To many it was “tradition,” but traditions are broken and changed all the time. People grow, learn, and advise when we change what we know. This change can be good, but we need to be understanding and open about it.  As a school we need to think about this, realise how great of an idea it is and how it was going to happen sooner or later. The advisers for Mr. NDA have worked hard and put a lot of effort into this decision; they also explained how long this idea has been talked about. We need to stop overreacting and let fate run its course.

Libby Rickards, Class of 2021


Dear Editor,

We need to encourage girls to sign up for “The Academy Awards” to promote the healthy development of a completely equal future.

The recent changes to formerly Mr. NDA is essential for the progression of the school. Including girls in the ballot will not only impact the future for females at NDA, but also provide an equal opportunity atmosphere. It will also set the bar high for other schools to follow.

Allowing females to participate in typically male-dominated activities will open up windows for more opportunities in the future, such as a consideration for girls to be on the football team or an entire football team for girls. If women can be just as funny, talented, and entertaining as men, then why not let them participate alongside them?

Kyra Merriman, Class of 2021


Dear Editor,

The community at Notre Dame Academy makes students feel part of a larger whole. During homeroom, students are able to bond with classmates from different grades, teachers, and staff. However, now that homeroom is not a part of our weekly schedules, Notre Dame Academy is missing an opportunity to build its community. Homeroom is only scheduled once a month for a short period of time. Even just 20 minutes of homeroom a week provided students a chance to build camaraderie and a break from our hectic school schedule and workload. From decorating cookies and designing shirts to talking and eating treats, homeroom is a time to build relationships with other members of the Notre Dame family.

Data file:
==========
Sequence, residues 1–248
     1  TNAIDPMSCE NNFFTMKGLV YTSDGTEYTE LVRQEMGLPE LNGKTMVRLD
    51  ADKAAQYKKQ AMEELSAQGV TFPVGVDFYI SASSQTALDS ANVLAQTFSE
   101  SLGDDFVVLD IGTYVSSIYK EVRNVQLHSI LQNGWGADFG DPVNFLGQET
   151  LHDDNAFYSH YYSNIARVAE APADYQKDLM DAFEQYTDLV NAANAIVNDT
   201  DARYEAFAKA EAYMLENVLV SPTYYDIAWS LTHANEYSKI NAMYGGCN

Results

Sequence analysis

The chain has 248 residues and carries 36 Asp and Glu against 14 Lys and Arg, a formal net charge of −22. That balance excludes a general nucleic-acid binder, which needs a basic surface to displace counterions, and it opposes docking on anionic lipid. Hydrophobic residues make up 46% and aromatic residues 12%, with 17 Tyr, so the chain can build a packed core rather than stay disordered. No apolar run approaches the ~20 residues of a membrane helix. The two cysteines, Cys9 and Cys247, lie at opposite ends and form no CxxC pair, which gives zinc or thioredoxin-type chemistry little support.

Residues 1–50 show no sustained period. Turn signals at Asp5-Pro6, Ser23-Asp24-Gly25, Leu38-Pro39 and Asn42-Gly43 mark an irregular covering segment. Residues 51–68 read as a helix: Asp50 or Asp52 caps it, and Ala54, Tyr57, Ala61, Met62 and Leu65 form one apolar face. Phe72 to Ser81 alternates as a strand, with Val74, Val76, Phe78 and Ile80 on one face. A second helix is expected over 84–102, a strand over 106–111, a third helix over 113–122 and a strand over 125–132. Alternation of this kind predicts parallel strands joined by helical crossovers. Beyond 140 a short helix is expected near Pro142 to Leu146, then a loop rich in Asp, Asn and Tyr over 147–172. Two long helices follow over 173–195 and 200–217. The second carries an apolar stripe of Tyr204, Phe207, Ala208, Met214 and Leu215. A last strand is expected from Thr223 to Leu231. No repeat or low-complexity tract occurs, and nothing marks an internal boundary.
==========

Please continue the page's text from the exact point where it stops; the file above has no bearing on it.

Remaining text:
Mariah Michalski, Class of 2020


Dear Editor,

From name changes to different dress code regulations, the school at 610 Maryhill Drive has, like any other establishment, experienced change. Many were sure to have been opposed by someone. But, would changes have not occurred if everyone was already pleased? Or are changes only allowed to be made by a democracy? Is one person not allowed to be the cause for a change?